VIP Petfoods joint managing director Tony Quinn will double his operations after splashing out more than $75 million to acquire the financially-troubled Bush’s International.
The deal, expected to be finalised on August 24, will open up new international markets for VIP.
“We were the logical purchasers to buy it – 45 per cent of Bush’s is export so while that wasn’t a key driver, it’s an interesting dimension for us. What we want to do with their dry dog food is to inject fresh meat. We want to be known as the people who put fresh meat into dry dog food,” says Quinn, an ardent motorsport enthusiast.
VIP Petfoods is focused on chilled dog food and the expansion into dry food is the next logical step says Quinn, who also expects to double employees to more than 600, with potential to double revenue as well.
Quinn cites the Sydney and Dubbo-based dry pet food company as ‘mind boggling’ after it was found to be losing five cents a can on some products.
“They spent a fortune, they were confused by private equity deals, their eyes were off the ball, they forgot what a margin was,” he says.
Bush’s went into receivership and Quinn cites 70 interested parties being whittled down to three, before VIP laid the best offer on the table.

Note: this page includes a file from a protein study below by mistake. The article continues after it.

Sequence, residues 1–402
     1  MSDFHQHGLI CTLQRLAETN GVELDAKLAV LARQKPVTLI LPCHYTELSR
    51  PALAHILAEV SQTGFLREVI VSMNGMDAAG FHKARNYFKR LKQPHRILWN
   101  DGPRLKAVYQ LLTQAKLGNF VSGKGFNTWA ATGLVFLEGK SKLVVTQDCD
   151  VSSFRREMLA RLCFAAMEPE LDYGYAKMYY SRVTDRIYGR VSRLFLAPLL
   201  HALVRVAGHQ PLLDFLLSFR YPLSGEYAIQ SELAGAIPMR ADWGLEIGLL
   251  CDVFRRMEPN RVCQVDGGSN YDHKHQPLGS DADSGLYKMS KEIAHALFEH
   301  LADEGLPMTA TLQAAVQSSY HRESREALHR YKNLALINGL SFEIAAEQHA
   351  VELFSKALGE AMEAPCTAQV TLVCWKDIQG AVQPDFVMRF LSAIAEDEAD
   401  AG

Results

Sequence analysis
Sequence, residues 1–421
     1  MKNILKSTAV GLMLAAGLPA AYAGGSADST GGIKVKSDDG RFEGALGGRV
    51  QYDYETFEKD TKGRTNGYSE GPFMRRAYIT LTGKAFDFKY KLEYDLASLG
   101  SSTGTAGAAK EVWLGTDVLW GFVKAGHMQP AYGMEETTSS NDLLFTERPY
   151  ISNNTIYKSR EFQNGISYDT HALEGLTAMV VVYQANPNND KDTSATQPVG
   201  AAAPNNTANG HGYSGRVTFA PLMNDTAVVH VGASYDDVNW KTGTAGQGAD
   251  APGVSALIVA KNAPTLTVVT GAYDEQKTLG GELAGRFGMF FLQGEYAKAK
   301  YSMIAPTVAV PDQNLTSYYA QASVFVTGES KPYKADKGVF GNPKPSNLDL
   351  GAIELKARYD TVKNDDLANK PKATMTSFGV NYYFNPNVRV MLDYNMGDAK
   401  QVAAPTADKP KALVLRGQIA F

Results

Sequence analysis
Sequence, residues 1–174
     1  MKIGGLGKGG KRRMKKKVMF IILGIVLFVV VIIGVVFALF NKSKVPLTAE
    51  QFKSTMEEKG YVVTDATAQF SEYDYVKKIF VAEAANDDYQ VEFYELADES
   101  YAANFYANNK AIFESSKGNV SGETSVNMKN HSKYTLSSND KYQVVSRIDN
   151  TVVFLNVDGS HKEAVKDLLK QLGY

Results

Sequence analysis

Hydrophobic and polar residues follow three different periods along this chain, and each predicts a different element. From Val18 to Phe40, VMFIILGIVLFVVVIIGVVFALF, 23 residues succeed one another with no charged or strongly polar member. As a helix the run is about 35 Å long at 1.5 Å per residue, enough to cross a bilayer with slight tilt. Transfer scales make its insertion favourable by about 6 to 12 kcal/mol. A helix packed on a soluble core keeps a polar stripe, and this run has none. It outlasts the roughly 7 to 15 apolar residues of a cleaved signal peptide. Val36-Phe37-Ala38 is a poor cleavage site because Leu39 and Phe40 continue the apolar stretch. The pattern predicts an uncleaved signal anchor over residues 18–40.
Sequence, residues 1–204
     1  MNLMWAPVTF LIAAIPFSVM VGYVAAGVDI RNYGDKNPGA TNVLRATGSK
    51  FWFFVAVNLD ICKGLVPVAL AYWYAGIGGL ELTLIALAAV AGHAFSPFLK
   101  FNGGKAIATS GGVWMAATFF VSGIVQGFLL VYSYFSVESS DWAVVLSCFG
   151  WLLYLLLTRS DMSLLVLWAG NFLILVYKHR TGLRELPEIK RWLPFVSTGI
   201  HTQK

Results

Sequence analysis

“One thing is buying it, but when you take into account debtors and working capital, at the end of the day the cost of the business is between $75 million and $80 million,” he says.
“Bush’s at its peak was doing $200 million a year but they’re not doing that now – we’re going to have a surgical look at the business and fix it. We’re determined to make this work.”
Last financial year VIP group had revenue from its chilled food products of around $120 million.
Quinn’s plan for Bush’s is to change its brand to Australian Pet Brands, which will produce goods for other brands in the market as it has in the past, for larger players like Nestle and Masterfoods. It’s motto is ‘a brand’s best friend’.
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